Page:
“Our Brand is Crisis” is an interesting addition to director David Gordon Green’s body of work. Green made a name for himself in independent films – namely with “George Washington” – but later transitioned to broad comedies (“Pineapple Express”, “Your Highness” and “The Sitter”). Lately he seems to have gotten back to his indie roots, with the Nicholas Cage film, “Joe”, and the unbearably languid Al Pacino film, “Manglehorn”. “Our Brand is Crisis” feels like it sits between indie Green and broad comedy Green.
I didn’t know much about “Our Brand is Crisis” going into the screening at this year’s Toronto International Film Festival. The movie is loosely based on a documentary from 2005 by Rachel Boynton but the feature length film made one big change, which I think helped make this movie so enjoyable.
The movie is about two rival political campaign consultants. The documentary told the story of two men, who were pitted against one another during a presidential campaign in Bolivia. The feature film made it man versus woman and it’s something to be very thankful about because star Sandra Bullock delivers one of her best performances.
Bullock stars as “Calamity” Jane Bodine, who has exiled herself from the political world after one campaign gone wrong. She is a fierce strategist and her services are called upon by two other consultants (Anthony Mackie and Ann Dowd), who are sent to convince Jane to come out of retirement. She is hesitant but ultimately agrees.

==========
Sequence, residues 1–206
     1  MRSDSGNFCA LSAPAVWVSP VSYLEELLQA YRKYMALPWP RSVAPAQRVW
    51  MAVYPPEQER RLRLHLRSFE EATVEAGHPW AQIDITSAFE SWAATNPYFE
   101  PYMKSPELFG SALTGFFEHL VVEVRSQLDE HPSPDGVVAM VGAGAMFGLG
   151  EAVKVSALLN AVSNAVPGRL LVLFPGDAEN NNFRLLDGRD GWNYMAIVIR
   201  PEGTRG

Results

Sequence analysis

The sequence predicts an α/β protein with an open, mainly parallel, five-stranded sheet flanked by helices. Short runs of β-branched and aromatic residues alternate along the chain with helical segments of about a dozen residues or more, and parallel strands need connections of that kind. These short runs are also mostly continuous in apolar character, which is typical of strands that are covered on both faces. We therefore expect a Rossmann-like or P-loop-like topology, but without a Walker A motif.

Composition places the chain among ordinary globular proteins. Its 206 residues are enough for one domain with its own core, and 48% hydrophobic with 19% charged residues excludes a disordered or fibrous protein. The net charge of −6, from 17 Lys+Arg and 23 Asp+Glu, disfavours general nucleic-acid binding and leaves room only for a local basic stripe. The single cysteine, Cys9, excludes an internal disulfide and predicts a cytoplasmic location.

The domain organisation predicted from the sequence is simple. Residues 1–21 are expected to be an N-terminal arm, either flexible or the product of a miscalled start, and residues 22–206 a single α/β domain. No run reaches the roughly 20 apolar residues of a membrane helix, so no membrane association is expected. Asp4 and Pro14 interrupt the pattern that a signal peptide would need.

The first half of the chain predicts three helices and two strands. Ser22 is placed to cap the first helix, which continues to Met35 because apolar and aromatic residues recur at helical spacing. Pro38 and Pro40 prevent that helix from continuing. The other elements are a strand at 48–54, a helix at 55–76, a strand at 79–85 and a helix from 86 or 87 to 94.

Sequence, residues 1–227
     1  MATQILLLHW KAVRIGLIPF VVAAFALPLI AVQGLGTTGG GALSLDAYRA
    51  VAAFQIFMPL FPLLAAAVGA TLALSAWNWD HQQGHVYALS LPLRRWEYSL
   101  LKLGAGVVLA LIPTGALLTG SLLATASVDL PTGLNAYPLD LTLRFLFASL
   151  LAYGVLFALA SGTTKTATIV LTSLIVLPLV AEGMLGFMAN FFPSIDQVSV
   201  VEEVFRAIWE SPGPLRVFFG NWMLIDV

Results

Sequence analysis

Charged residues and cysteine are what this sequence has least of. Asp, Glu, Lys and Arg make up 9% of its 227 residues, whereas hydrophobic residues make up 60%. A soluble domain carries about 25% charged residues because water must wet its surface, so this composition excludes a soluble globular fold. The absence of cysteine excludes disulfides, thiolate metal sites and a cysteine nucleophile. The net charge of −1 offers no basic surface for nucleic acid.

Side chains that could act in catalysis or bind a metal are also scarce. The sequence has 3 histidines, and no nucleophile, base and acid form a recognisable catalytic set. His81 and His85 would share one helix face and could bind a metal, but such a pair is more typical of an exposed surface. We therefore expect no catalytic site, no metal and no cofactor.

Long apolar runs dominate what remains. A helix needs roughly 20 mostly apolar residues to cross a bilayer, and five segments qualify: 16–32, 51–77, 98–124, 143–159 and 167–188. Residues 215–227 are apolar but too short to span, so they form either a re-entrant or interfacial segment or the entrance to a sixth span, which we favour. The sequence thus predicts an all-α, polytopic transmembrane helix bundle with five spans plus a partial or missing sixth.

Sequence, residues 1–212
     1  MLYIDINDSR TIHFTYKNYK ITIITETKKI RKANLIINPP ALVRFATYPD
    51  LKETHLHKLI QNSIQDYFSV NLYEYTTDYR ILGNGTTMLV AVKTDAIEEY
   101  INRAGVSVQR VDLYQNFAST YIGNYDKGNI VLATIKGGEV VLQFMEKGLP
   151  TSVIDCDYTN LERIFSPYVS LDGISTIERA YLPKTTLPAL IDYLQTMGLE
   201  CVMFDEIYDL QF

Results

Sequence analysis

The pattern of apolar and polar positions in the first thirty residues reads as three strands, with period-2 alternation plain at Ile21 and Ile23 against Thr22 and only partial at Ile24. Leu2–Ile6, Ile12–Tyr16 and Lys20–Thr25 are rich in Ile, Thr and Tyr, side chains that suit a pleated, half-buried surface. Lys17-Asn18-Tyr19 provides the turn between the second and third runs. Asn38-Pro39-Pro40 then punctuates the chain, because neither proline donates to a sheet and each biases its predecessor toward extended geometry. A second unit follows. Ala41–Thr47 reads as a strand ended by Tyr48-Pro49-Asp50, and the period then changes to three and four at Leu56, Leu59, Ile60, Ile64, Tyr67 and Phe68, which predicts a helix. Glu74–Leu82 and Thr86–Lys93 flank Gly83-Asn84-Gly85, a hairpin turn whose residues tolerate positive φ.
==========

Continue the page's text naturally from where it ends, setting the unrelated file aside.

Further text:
Jane is known for helping candidates who are struggling in the polls. This time it’s for Bolivian presidential candidate Castillo (Joaquin de Almeida), who needs help creating a positive public image. Castillo doesn’t seem good with people and Jane is better at helping others in that department than herself. Their prime competition’s campaign is being ran by Pat Candy (Billy Bob Thornton), who Jane has a bit a history with from past campaigns.
George Clooney and his producing partner, Grant Heslov, have been working on getting this movie made for quite some time. Apparently, Clooney was set to star in Bullock’s role, but the script was rewritten for Bullock. Her performance is a marriage of her two strengths as an actress – physical comedy and scrappy dramatic work. If you mix her neurotic character from “The Heat” and her sassy, blunt, Oscar-winning work from “The Blind Side”, you have her performance in “Our Brand is Crisis”. She is great in this.
Even when “Our Brand is Crisis” doesn’t seem like anything substantial, Bullock’s hyper-focused performance keeps your eyes on the screen. She and Thornton have great, believable chemistry together as dueling strategists.
“Our Brand is Crisis” doesn’t rank as a great political comedy or satire but works as a strong star vehicle for Bullock. There are laughs along the way to keep you entertained, even when the characters are making sure we know politics is no laughing matter.
‘Our Brand is Crisis” rates 7 out of 10